The $716 billion bill authorizes roughly 16,000 additional active-duty troops while providing a 2.6 percent salary increase, the highest in nine years. It also authorizes more than $25 billion for equipment maintenance and nearly $40 billion for upgrades to aviation.

The bill also allocates funding for two additional Virginia-class submarines and littoral combat ships, 77 F-35 Joint Strike Fighters and the upgrade of thousands of vehicles.

The Senate is expected to bring its defense policy bill to the floor next month. 

Prison reform

A fight over prison reform is coming to a head in the House.

The chamber is expected to vote this week on a prison reform bill considered a key priority for President TrumpDonald John TrumpMarine unit in Florida reportedly pushing to hold annual ball at Trump property Giuliani clashes with CNN's Cuomo, calls him a 'sellout' and the 'enemy' Giuliani says 'of course' he asked Ukraine to look into Biden seconds after denying it MORE's adviser and son-in-law Jared KushnerJared Corey KushnerTrump's 'soldier of fortune' foreign policy The Hill's Morning Report - 2020 Democrats set for Lone Star showdown Exclusive: Kushner tells GOP it needs to unify behind immigration plan MORE.

The bill provides funding for programs aimed at reducing the likelihood of inmates committing new crimes once released from prison.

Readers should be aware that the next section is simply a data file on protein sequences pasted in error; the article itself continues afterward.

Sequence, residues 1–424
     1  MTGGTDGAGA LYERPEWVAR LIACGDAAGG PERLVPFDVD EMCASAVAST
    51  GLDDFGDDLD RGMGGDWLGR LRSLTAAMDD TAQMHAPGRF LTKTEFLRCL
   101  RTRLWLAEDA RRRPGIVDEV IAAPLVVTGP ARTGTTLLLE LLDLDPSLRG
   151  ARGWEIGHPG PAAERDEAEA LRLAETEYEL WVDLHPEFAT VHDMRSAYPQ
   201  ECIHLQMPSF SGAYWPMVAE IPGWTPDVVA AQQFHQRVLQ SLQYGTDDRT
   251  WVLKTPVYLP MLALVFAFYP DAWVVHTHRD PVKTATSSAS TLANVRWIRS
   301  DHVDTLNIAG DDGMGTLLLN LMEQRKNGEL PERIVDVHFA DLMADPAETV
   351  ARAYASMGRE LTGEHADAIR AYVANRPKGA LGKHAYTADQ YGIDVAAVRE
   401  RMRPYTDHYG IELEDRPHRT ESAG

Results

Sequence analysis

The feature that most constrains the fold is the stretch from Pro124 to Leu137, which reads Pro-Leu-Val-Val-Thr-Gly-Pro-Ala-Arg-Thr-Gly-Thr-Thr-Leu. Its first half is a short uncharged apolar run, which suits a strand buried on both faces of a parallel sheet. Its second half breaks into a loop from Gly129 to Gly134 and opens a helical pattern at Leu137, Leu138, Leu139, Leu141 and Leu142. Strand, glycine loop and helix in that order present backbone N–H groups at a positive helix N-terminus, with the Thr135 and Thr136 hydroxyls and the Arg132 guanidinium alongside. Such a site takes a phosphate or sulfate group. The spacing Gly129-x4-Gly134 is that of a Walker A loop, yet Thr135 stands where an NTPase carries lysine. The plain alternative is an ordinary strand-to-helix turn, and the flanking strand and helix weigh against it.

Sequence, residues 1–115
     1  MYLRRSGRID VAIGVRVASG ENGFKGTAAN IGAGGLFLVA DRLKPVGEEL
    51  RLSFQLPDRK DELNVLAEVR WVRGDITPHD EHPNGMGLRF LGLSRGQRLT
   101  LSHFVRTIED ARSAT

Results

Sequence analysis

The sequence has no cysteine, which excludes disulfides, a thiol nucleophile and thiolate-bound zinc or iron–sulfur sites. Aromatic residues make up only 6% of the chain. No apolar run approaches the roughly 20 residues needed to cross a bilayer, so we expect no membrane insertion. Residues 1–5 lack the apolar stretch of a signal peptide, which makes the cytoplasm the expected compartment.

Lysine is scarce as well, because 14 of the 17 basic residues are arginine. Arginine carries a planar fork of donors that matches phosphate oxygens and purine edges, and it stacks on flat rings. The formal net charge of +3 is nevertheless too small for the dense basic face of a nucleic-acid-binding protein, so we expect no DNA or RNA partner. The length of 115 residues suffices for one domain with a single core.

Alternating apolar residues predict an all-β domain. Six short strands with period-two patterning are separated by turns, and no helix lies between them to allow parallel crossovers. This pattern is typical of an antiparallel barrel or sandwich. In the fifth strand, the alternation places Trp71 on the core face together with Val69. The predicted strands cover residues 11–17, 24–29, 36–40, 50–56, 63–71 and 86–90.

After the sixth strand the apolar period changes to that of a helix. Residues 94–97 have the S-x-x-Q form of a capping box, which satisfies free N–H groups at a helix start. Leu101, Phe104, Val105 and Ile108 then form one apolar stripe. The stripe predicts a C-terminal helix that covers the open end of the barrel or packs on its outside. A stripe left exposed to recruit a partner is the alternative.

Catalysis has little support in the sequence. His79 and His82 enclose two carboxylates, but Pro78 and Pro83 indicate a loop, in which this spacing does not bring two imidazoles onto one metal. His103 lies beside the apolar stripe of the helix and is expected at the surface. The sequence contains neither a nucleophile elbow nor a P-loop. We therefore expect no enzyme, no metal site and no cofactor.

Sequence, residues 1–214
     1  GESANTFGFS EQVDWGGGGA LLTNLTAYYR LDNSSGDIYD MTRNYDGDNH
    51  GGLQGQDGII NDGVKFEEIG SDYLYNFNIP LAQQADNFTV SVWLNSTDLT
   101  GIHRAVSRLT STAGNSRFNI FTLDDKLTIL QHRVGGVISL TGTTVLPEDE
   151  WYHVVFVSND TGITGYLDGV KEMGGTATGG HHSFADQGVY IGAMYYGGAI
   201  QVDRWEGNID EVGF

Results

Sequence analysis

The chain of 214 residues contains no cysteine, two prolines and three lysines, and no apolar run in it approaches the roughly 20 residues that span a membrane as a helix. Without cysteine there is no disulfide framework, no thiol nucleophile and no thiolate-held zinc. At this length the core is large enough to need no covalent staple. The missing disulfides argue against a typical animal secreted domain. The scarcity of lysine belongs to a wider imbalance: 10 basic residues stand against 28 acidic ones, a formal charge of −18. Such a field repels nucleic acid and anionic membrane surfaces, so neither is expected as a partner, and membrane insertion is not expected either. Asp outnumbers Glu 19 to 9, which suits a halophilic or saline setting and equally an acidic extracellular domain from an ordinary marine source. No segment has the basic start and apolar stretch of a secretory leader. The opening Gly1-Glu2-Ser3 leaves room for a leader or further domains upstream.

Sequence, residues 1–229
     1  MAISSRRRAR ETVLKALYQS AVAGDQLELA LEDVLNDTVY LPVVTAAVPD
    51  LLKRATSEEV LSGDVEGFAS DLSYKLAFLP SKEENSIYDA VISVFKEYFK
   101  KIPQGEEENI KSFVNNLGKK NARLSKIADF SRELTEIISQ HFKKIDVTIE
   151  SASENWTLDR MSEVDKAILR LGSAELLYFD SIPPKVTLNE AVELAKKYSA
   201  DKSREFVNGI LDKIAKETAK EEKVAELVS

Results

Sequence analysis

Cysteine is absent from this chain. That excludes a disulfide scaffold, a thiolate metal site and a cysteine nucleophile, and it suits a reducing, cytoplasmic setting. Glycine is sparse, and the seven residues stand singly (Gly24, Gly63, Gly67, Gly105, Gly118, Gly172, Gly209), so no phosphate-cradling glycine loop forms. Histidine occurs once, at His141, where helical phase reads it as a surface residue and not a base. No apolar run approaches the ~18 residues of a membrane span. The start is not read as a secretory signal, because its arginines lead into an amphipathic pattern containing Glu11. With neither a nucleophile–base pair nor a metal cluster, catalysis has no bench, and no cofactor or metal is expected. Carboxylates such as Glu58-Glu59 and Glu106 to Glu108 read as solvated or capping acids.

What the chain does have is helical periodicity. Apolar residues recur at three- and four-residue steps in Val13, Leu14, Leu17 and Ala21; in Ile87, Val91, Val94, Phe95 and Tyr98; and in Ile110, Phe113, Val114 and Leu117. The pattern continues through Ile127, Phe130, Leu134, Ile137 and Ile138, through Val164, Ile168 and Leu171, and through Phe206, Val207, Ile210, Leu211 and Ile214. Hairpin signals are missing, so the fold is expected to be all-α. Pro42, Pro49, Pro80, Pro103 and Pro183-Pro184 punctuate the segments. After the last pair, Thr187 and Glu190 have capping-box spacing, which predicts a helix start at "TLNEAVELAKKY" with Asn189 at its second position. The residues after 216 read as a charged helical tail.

House Republicans have an ally in GOP Sen. John CornynJohn CornynZuckerberg woos Washington critics during visit Paul objection snags confirmation of former McConnell staffer GOP signals unease with Barr's gun plan MORE (Texas), who has urged the chamber to take up prison reform because of engrained opposition from the Trump administration to broader criminal justice legislation.

But the effort faces fierce opposition from other corners of the Senate, where influential members want broader reforms that include changes to mandatory minimum sentencing.

GOP Sen. Chuck GrassleyCharles (Chuck) Ernest GrassleyOvernight Health Care — Presented by Partnership for America's Health Care Future — Pelosi unveils signature plan to lower drug prices | Trump says it's 'great to see' plan | Progressives pushing for changes Trump: 'Great to see' Pelosi plan to lower drug prices Pelosi unveils signature plan to lower drug prices MORE (Iowa), the chairman of the Judiciary Committee, wants any prison reform bill to be paired with sentencing reform.

“[We’re going] to try to convince the White House that we’re right,” Grassley said earlier this month. “This is a wonderful opportunity for the president to have a bipartisan victory and to sign it, and that’s exactly what he needs for the midterm election.”